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The Semiotics of Body and Cosmos in Maya Healing Incantations

Timothy Knowlton, Berry College, Fellow 2014–2015

During my fellowship, I focused on researching Maya ideologies of signs and signification over time as they relate to indigenous cosmology and concepts regarding the human body. My case study is the colonial compilation of Yucatec healing chants and herbal remedies known as the Ritual of the Bacabs. Invoking Pre-Columbian deities and using archaic tropes shared with Classic Maya inscriptions, this manuscript is the most important extant source for understanding how Maya medicine was performed in the late Pre-Columbian and Colonial epochs. I am working to elucidate this notoriously enigmatic manuscript through the methodological tools of linguistic anthropology and insights from my own recent fieldwork with contemporary Maya healers in Yucatán.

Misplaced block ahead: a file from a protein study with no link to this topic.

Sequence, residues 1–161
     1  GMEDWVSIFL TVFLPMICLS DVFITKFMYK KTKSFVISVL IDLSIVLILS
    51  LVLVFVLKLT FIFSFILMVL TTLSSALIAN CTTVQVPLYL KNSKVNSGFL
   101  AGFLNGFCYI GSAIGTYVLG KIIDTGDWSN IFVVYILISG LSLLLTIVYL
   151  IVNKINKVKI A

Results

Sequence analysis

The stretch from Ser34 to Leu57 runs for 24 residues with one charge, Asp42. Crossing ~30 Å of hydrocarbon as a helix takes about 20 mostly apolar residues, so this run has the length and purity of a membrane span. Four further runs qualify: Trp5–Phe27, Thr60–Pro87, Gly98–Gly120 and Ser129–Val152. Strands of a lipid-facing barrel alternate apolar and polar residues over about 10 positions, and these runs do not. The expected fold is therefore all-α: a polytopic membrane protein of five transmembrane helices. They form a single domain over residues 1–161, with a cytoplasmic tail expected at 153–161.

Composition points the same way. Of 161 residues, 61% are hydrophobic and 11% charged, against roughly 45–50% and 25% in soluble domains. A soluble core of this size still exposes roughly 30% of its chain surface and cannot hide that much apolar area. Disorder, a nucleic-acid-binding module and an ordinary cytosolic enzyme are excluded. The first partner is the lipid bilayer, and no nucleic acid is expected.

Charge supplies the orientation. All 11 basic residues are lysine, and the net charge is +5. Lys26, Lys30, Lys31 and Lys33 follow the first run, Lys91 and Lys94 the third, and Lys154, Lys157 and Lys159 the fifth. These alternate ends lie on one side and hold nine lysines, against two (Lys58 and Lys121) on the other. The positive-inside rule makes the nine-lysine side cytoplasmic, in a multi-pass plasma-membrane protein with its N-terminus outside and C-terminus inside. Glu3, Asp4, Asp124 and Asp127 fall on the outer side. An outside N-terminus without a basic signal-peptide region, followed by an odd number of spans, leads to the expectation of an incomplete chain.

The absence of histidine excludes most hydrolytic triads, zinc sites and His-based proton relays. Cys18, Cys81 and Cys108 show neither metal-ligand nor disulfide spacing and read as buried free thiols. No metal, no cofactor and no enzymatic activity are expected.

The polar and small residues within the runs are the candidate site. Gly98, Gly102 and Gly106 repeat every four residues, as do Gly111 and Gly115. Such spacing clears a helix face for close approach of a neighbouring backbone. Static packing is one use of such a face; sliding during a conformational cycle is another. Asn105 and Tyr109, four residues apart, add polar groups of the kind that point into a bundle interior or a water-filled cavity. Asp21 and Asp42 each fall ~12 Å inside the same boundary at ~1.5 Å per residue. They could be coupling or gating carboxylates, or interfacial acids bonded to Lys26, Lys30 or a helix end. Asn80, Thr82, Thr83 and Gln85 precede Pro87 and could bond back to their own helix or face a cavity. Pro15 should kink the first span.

While at Dumbarton Oaks, my analysis focused on several problems. The first is the relationship between the words of the chants and the material culture involved in healing. For example, healing rituals include the reinterpretation of quotidian domestic equipment (such as cooking pots and weaving implements) as the uayasba, “icons,” of gods. Understanding the rituals therefore involves reconstructing Maya notions of materiality. A second emphasis is the chants’ conception of the human body as porous. Bodies are “entered” by non-human forces, and health is subject to ritual manipulation through exposure to heat, flame, and “cooling” substances. A final emphasis is locating the female deities operating in the healing rites’ cosmological landscape, and evaluating their diachronic relationship to Pre-Columbian antecedents.